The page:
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Progressive Rock CD Reviews

Vasko Atanasovski

AdrabesaQuartet - Phoenix

Review by Gary Hill

This is an unusual and intriguing album. It might not fit under the progressive rock heading. I put it there mainly because most MoonJune (the label that released it) releases fit somewhere in that vicinity. This has an artistic side to it, that qualifies it somewhat as "art music," if not art rock. The mix of classical, world music and jazz is interesting and sometimes captivating. This does stretch toward folk prog and fusion territory at times, too. However you classify this, it's likely you haven't heard anything quite like it before.

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Track by Track Review
World music elements bring this into being. The cut grows out with a symphonic atmosphere at its core. The cut shifts more towards a jazz zone as it continues driving onward. This gets intense and involved, and the world music elements remain in play throughout. There are some killer twists, turns and melodies built into this jam.
Green Nymph
Mellower and more dramatic, this still retains the world music elements, with a lot of classical in the mix. This gets exploratory and covers quite a bit of territory. There is some whistling built into this number.
The Partisan Song
Now, this has a lot more energy. There is a bit of a rocking edge to this along with plenty of jazz and world music. As much as I enjoyed the first couple songs, this takes it to an even higher plane. This has some fun built into the mix and really soars at times.
At almost 11-and-a-half minutes of music, this is the epic of the set. Keyboards bring it in with a decidedly classical bent that calls to mind Keith Emerson and, to a larger degree, Rick Wakeman.  World music instrumentation and textures are woven into the mix as it continues. After the two-minute mark it shifts to more of a pure prog rock balladic approach. The number continues to evolve as it grows outward and shifts down later. More world music is reincorporated as it drives with more of a folk prog sound. World music really takes over further down the musical path. Different instruments get the opportunity to shine at different points here. There is even a drum solo built into it.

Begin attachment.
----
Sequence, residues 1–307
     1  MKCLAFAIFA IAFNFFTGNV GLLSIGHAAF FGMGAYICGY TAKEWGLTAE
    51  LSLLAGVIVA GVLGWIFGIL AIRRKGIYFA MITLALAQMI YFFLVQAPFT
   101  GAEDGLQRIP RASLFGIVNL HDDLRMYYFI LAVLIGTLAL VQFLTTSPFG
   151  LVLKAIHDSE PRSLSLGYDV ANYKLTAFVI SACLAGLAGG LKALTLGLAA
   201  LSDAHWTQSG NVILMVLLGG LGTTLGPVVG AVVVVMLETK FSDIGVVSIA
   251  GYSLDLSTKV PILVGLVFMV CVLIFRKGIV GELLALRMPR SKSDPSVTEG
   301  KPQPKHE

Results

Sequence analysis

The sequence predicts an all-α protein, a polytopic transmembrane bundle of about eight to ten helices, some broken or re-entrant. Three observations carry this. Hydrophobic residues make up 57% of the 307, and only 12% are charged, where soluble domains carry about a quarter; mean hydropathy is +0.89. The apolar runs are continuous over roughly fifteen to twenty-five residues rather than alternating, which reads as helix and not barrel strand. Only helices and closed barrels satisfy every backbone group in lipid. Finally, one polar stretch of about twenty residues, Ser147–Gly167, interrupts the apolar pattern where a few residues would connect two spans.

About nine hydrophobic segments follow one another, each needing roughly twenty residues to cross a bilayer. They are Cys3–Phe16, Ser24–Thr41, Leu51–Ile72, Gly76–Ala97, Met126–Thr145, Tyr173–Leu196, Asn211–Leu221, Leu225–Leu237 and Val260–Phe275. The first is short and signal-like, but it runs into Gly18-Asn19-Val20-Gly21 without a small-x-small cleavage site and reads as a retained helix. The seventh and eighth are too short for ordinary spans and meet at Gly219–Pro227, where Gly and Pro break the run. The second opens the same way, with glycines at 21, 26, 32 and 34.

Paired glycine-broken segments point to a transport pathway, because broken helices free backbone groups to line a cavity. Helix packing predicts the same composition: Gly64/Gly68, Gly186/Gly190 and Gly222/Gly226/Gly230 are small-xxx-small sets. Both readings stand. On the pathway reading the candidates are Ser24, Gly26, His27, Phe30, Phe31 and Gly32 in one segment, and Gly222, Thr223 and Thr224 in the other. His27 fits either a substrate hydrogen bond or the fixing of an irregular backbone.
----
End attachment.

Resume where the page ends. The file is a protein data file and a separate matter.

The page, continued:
This powerhouse jam combines world music, jazz and folk prog in fine fashion. This is one of my favorite pieces of the whole set. It has a cool shift to more of an open, sparsely arranged jazzy jam further down the road, too. It comes back out of that movement, driving upward into some killer world dominated territory.
Concerto Epico
The playful world music sounds at the heart of this number are a lot of fun. It works into some cool space zones via a freeform sounding jam later in the track. Rock In Opposition zones rise up and carry the number outward from there. This gets very crazed around the halfway mark. Then it resolves to something mellower, more restrained and melodic. Old school jazz infused with world music rises up after a pseudo-ending.  They reinvent that sound as they drive it toward its closing section.
Folk prog, space music and world sounds all seem to merge on this powerhouse. There is a talking drum kind of section later in a drop back movement. Then it rises up to some magical folk prog jamming that moves to more of a jazz rock thing. The world music regains control to end this.
Yellow Sky
I dig the old school jazz vibe at the start of this piece. More world music is added to the mix as the piece continues to evolve and grow. They wander into more pure world music zones as this trudges onward. Yet, the jazz still remains in the mix.
Spacey elements with world angles bring this into being. Jazzy textures are fused into it, as the cut explores space in some rather inspiring ways.


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